HadoopDB contributions welcome!

  • Kamil

    Kamil - 2009-11-18

    This document lists some of the work in HadoopDB project that we wish to share with open source community. The description here is intentionally not very detailed in order not to limit creativity. We invite contributors to discuss specific issues, ideas and design with HadoopDB team.

    1) Catalog

    HadoopDB's major architectural contributions include providing a new data storage complementary to HDFS and creating a system that resembles a shared-nothing parallel database. An integral part of such a DBMS is a global catalog. The initial HadoopDB's catalog is rudimentary both in the scope of metainformation maintained and the implementation. Basically, the current catalog specifies for each dataset the locations of each database chunk and its replicas along with connection parameters. The catalog is stored as an XML file in HDFS and is accessed by JobTracker when scheduling a job.

    We want to make the catalog more comprehensive and robust.

    The additional information we see as worth storing the catalog include:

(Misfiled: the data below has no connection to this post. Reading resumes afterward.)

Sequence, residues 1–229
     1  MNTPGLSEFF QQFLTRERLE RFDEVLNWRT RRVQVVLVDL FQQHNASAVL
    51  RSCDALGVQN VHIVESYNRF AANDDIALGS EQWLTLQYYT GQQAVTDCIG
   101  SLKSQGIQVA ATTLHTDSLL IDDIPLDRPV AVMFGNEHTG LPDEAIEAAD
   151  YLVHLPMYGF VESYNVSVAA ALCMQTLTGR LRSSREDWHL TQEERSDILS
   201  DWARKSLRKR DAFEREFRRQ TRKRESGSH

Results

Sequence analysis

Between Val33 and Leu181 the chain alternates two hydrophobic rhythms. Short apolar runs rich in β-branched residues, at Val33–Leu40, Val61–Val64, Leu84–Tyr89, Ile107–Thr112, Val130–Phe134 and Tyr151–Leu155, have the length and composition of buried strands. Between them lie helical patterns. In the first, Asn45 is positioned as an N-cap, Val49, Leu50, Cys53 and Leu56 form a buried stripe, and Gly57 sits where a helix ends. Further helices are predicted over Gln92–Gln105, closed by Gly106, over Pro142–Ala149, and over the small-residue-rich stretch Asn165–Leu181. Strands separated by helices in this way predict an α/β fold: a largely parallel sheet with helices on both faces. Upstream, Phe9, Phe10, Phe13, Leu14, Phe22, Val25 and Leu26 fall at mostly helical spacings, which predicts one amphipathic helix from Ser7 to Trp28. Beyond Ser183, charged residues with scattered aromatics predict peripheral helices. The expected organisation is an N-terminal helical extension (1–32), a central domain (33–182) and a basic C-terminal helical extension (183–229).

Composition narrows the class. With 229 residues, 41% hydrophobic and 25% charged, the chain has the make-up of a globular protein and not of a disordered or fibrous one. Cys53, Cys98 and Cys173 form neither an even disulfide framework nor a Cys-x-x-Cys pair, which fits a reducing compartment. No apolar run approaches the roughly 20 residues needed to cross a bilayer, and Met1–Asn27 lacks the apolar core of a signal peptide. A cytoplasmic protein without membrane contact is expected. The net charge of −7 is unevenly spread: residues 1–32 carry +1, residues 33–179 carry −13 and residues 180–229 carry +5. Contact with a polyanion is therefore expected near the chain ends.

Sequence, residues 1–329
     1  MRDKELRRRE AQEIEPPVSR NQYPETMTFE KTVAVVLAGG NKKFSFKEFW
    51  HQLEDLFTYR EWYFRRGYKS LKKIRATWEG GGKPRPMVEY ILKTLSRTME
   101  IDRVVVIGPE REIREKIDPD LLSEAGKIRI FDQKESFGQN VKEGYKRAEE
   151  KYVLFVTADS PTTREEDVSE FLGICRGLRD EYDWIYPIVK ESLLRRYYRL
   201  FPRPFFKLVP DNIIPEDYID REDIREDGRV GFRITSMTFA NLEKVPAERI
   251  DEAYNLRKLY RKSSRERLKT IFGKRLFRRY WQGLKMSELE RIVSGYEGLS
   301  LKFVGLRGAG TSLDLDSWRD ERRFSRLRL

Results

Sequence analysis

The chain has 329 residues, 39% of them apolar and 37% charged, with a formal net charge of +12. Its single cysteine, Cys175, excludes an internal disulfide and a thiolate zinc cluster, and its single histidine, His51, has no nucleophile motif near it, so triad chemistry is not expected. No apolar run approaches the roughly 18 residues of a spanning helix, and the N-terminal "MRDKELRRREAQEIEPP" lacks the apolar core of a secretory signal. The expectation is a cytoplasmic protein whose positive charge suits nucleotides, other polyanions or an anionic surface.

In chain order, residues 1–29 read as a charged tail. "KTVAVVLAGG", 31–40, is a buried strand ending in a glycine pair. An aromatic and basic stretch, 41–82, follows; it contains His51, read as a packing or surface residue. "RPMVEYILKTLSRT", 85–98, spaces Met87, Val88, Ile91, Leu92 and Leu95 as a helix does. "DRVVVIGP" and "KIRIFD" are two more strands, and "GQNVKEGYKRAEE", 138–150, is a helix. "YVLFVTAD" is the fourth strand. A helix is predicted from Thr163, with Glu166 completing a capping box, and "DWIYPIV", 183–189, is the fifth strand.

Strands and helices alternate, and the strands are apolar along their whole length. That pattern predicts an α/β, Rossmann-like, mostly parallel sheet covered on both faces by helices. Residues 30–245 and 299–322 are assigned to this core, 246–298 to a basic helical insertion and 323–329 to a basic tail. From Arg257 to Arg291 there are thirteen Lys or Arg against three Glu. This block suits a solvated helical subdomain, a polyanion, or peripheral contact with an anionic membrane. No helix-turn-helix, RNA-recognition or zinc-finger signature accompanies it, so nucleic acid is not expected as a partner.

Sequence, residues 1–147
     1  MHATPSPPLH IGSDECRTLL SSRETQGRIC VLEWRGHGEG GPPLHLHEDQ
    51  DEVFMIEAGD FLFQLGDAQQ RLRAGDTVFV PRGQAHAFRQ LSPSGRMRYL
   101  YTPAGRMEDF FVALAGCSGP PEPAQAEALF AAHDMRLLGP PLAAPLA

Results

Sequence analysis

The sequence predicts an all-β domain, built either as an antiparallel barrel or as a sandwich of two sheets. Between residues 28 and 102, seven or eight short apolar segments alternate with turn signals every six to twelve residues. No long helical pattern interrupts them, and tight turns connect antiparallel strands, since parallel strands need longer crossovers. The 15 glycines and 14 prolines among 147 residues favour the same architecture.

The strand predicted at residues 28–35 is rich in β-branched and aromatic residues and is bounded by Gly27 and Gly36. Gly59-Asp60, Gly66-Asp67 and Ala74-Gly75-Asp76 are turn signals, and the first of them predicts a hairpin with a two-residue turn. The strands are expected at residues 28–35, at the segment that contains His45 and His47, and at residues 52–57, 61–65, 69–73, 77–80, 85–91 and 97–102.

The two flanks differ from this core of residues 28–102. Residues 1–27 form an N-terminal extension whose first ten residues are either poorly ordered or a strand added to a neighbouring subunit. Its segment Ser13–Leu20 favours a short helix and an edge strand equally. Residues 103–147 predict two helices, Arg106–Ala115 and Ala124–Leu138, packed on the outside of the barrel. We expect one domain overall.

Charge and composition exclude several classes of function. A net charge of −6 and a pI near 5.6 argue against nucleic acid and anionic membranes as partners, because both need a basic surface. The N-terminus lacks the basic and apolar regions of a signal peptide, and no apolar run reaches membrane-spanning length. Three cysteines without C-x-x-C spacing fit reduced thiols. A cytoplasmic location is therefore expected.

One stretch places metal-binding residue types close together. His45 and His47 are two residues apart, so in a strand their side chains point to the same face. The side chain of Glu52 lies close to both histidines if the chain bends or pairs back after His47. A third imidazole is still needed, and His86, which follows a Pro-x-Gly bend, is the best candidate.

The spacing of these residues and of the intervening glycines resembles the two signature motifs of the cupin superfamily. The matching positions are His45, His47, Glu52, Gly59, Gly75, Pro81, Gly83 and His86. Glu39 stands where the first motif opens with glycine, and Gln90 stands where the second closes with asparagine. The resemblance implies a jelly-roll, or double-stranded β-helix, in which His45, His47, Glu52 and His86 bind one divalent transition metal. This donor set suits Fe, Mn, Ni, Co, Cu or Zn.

- table definitions such as attributes, datatypes, primary/foreign key(s)
    - dataset / partitioning information such as collocated tables, partitioning key(s), clustering keys (sort order)
    - table size estimates, number of rows, cardinality of each column

    The above information will be very useful for future optimizations in job planning and execution.

    The catalog ought to maintain its table definitions in sync with other components of HadoopDB including Hive and the single-node DBMS servers. In particular, HadoopDB users should only interact with the catalog and all relevant information shall be propagated elsewhere automatically.

    In terms of implementation, we propose an HDFS-like infrastructure (DBNameNode on the master node and DBDataNodes on slaves).
    Runtime information on each database chunk might also be helpful when deciding which replica should be chosen for a given task.

    2) Data placement

    Some other features present in HDFS that would be welcomed in HadoopDB include rack-aware data placement and restoring lost replicas.

    3) Data Loader

    As described in our Quick Start Guide, a data load requires several manual steps. We believe much of this process could be automated.

    4) SMS Planner

    HadoopDB's SQL interface relies on the Hive project with our extension called SMS Planner to push as much as possible query processing into single-node databases as SQL queries. See http://issues.apache.org/jira/browse/HIVE-721 for details of our initial proposal on the patch.

    The SMS Planner in the current implementation does not support all the SQL syntax. The work here would involve recognizing more SQL functions and operators, aggregates, subqueries and joins in order to push them into database servers.

    If you find any of these topics interesting, would like ask any questions and/or share some ideas, please contact us.

  • Anonymous - 2011-02-23